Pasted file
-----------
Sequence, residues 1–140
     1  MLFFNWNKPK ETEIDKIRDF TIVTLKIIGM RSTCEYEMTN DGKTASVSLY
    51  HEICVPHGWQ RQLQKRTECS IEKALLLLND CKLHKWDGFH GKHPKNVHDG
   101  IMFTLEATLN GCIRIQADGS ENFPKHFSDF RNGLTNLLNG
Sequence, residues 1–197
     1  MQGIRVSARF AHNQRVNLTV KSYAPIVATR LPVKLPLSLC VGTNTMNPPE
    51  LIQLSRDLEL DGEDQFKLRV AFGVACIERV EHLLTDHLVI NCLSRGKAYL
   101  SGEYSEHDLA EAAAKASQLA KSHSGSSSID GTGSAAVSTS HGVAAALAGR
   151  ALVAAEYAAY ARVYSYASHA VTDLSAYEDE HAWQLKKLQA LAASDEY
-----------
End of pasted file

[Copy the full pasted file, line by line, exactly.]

Sequence, residues 1–140
     1  MLFFNWNKPK ETEIDKIRDF TIVTLKIIGM RSTCEYEMTN DGKTASVSLY
    51  HEICVPHGWQ RQLQKRTECS IEKALLLLND CKLHKWDGFH GKHPKNVHDG
   101  IMFTLEATLN GCIRIQADGS ENFPKHFSDF RNGLTNLLNG
Sequence, residues 1–197
     1  MQGIRVSARF AHNQRVNLTV KSYAPIVATR LPVKLPLSLC VGTNTMNPPE
    51  LIQLSRDLEL DGEDQFKLRV AFGVACIERV EHLLTDHLVI NCLSRGKAYL
   101  SGEYSEHDLA EAAAKASQLA KSHSGSSSID GTGSAAVSTS HGVAAALAGR
   151  ALVAAEYAAY ARVYSYASHA VTDLSAYEDE HAWQLKKLQA LAASDEY